I think that democratic communities have a natural taste for freedom; left to themselves, they will seek it, cherish it, and view any privation of it with regret. But for equality their passion is ardent, insatiable, incessant, invincible; they call for equality in freedom; and if they cannot obtain that, they still call for equality in slavery. They will endure poverty, servitude, barbarism, but they will not endure aristocracy.

This is true at all times, and especially in our own day. All men and all powers seeking to cope with this irresistible passion will be overthrown and destroyed by it. In our age freedom cannot be established without it, and despotism itself cannot reign without its support.

The tendency of this passion, Tocqueville wrote in 1840, was to centralize power and eventually oppress “the great” or those who refuse to go along with prevailing sentiments. Rather than raise the level of the poor or ordinary, democratic nations will tend to bring down the rich or extraordinary in the name of the people. This will form the governing basis for anti-capitalist progressives well into the 21st century.

It is therefore no surprise that Trump’s promise to make America great again has so riled the left. He successfully convinced the working- and middle-classes of Pennsylvania, Ohio, Michigan and Wisconsin that he will promote their interests better that the Democrats who have become an out-of-touch party exclusively concerned with elitist, “politically correct” issues. Trump distinguishes primarily between Americans and others, which the left has become unable to do because of its allegiance to multiculturalism in the name of international equality. Trump has turned a narrower but more powerfully felt notion of equality into a winning issue for the right.

Tocqueville is also a useful guide when it comes to the overwhelmingly female component of the protests against Trump. Tocqueville criticized Europeans who sought to “make man and woman into beings not only equal but alike” in all things which results in “weak men and disorderly women”, while praising Americans who have applied “the great principle of political economy which governs the manufacturers of our age, by carefully dividing the duties of man from those of woman in order that the great work of society may be the better carried on.” If we note that American feminists have become more like (if not surpassed) their European counterparts in this regard, we can see why they are threatened by the new regime. While Trump is emphatically not promising to return women to the home, it is enough that he portrays himself as a strong man with little regard for the pieties of feminism, especially when it comes to abortion.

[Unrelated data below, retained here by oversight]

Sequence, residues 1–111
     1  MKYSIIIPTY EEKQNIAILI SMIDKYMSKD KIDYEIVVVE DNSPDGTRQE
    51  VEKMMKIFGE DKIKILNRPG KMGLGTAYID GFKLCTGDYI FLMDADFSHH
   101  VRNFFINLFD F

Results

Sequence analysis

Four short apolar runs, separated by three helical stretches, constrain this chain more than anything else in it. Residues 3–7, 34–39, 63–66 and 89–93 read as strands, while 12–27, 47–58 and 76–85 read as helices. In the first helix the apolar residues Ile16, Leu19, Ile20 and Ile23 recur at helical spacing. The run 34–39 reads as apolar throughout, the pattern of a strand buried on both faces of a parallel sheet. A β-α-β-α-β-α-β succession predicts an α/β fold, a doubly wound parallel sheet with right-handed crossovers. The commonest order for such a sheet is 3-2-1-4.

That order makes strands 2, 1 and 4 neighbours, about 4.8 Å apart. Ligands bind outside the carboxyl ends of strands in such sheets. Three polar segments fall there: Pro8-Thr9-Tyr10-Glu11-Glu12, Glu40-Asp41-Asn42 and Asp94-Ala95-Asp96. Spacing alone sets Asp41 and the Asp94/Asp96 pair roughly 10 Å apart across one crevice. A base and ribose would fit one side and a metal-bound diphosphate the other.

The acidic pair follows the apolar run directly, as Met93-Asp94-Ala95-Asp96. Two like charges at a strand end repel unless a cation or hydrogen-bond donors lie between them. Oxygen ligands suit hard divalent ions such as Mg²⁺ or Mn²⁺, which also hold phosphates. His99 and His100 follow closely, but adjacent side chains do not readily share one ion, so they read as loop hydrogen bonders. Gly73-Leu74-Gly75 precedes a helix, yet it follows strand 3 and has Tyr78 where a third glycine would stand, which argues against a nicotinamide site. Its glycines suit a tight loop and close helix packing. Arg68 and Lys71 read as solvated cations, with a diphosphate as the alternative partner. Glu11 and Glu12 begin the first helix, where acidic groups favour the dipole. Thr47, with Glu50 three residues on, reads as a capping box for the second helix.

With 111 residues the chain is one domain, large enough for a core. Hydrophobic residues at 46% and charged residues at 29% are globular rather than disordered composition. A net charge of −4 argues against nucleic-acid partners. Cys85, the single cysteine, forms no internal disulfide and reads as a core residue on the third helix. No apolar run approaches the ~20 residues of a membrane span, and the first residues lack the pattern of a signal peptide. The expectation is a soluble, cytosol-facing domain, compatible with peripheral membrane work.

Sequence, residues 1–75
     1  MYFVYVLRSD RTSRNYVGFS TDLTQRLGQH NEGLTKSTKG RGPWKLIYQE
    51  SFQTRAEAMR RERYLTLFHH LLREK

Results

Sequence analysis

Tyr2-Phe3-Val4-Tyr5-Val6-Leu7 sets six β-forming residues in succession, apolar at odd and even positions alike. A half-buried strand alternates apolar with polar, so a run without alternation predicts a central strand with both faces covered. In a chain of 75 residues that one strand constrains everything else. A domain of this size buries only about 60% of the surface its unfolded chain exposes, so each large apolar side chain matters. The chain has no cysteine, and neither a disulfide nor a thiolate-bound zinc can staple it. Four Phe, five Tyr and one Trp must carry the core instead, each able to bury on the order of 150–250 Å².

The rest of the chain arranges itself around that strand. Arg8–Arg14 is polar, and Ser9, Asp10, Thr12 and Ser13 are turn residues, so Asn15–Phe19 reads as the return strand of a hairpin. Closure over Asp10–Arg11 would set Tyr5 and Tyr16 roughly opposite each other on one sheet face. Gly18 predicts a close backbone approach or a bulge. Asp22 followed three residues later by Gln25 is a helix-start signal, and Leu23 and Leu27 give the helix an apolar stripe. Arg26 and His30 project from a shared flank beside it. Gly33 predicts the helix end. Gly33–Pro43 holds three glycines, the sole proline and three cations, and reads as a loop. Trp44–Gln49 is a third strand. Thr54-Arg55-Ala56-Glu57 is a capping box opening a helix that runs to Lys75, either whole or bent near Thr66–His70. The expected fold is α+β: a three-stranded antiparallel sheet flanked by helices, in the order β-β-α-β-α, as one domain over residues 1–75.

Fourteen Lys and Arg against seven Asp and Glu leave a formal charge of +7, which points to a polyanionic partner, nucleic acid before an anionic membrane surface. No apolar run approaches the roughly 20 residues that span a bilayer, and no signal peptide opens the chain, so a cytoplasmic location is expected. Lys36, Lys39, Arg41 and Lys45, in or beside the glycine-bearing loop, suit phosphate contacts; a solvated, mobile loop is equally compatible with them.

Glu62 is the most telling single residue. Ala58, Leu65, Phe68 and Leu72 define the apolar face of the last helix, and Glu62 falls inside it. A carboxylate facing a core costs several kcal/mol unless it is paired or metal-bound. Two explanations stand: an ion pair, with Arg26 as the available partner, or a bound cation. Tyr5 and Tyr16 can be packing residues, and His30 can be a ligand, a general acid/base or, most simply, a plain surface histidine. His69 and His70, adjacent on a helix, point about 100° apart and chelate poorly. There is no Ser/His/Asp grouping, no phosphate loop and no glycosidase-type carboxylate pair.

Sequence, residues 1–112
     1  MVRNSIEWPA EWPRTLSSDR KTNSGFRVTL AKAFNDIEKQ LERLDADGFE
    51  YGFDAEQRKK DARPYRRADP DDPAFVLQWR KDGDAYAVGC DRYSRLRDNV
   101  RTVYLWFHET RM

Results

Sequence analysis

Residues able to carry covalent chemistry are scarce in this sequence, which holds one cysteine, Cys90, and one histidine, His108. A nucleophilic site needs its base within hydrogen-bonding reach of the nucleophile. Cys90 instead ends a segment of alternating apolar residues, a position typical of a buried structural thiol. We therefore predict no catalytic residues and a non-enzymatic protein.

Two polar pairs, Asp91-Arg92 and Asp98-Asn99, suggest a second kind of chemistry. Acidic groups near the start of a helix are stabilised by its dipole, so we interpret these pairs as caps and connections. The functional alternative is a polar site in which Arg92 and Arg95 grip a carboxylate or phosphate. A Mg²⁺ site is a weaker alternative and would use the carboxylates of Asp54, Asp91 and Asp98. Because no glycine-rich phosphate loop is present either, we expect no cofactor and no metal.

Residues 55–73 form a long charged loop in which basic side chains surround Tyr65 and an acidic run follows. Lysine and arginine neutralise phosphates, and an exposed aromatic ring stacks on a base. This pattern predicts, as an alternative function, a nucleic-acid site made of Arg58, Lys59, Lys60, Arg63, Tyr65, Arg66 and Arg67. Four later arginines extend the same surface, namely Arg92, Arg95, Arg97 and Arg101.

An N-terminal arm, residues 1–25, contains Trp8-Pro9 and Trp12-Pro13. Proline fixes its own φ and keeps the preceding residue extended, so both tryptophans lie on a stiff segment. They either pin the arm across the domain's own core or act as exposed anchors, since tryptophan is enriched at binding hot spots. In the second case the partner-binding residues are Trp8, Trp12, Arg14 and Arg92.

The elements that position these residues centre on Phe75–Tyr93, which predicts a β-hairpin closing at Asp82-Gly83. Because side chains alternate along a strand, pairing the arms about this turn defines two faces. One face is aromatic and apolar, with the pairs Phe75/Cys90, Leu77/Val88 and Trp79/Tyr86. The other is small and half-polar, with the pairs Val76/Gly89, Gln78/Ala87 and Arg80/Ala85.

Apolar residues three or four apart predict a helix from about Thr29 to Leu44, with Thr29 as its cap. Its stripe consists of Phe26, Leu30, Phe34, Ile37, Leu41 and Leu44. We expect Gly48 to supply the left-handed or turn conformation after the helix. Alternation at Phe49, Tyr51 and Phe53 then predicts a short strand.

It’s highly unlikely that Trump and his advisors have looked to Tocqueville in diagnosing what ails America. They may very well err in their own ardent passion for equality without fully understanding what they are facing. But at least they grasp that something fundamental must change for the common good of the nation. Given the force of the trends he is facing, he may need as much of the Frenchman’s wisdom and prudence as he can get, if reason is to carry the day.


Kishore Jayabalan

Kishore Jayabalan is director of Istituto Acton, the Acton Institute's Rome office. Formerly, he worked for the Vatican's Pontifical Council for Justice and Peace as an analyst for environmental and disarmament issues and desk officer for English-speaking countries. Kishore Jayabalan earned a B.A. in political science and economics from the University of Michigan, Ann Arbor. In college, he was executive editor of The Michigan Review and an economic policy intern for the U.S. Chamber of Commerce. He worked as an international economist for the Bureau of Labor Statistics in Washington, D.C.